Twelve Summertime Events That'll Help You Beat the Back-to-Work Blues

The summer break may be over, but there are heaps of fun things to do before winter arrives.
Concrete Playground
Published on January 19, 2021

Twelve Summertime Events That'll Help You Beat the Back-to-Work Blues

The summer break may be over, but there are heaps of fun things to do before winter arrives.

We made it through 2020. We're in the throes of a new year, with two months of summer still ahead of us. The holidays are done and dusted, and as we get back into the swing of work it can be easy to get swept up in all the chaos and miss out on the good stuff — like beer festivals, ice cream markets and art fairs.

It's time to make the most of the summertime events you probably meant to check out in 2020 but didn't. New year, new you. And that means getting outside and embracing the best of Auckland life. Here are 12 things to do this summer and autumn to help lift your mood. Get out there and enjoy it.

  • 12

    Aucklanders have another craft beer and food festival to circle on the calendar. From the team behind the long-standing Dunedin Craft Beer and Food Festival and brewery partners Behemoth and Emerson’s, comes the inaugural Auckland Craft Beer and Food Festival.

    The event on Saturday, March 27, 2021 will transform Spark Arena into the country’s biggest urban beer garden, bringing together more than 50 breweries alongside local food vendors. Held across Spark Arena’s indoor and outdoor areas, the event will also see curated tasting room sessions.

    The day will also feature a musical lineup, including early 2000s pop-rock heartthrobs Zed, neo-soul act Molly & The Chromatics and DJ outfit Nice’n’Urlich, with more to be announced.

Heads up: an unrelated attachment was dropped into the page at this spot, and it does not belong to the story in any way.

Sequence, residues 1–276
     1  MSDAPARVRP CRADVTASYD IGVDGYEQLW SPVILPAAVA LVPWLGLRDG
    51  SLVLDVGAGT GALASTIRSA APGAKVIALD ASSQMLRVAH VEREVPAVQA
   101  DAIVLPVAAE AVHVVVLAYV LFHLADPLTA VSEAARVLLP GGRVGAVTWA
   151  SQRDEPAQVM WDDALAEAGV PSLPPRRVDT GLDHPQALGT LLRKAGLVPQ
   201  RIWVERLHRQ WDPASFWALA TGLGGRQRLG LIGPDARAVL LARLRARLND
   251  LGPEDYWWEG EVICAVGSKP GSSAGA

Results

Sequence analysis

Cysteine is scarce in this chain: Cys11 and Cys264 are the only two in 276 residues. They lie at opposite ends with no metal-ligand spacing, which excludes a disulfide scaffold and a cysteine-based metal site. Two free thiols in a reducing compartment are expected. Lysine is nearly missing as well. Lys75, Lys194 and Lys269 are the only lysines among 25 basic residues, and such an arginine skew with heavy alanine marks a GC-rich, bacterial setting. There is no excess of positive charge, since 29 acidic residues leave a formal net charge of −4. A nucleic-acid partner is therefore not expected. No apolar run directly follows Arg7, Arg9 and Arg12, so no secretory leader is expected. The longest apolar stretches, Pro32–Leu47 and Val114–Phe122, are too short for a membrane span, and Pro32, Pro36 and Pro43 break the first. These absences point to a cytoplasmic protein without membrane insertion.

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  • 11

    The event touted as the perfect summer party is heading back to Waiheke Island in February for two action-packed days of eating, drinking and dancing.

    Flamingo Pier first popped up in New Zealand on the auspicious date of February 14. The flagship event was founded on a floating pontoon in East London’s Hackney Wick by expats Tom Seaton and Luke Walker, where it was called things like “London’s best party” and “top of the pop-ups”.

    The seventh outing of Flamingo Pier will once again be held within the natural amphitheatre of Waiheke’s Rangihoua Estate. As well as open-air disco jams, tree-hung hammocks and a dancefloor under the forest canopy, the event will include nourishment from a selection of A+ food vendors.

    Acts lined up to take the stage on Saturday, February 6 include local producer supergroup Leisure, ethereal dance act Peach Milk, plus first-class disc jockeys K2K, AW B and Frank Booker. The following evening on Sunday, February 7 will welcome Troy Kingi and his band The Clutch, jazz maestro Nathan Haines with an eight-piece collective, and electronic hip hop duo Imugi 이무기.

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  • 10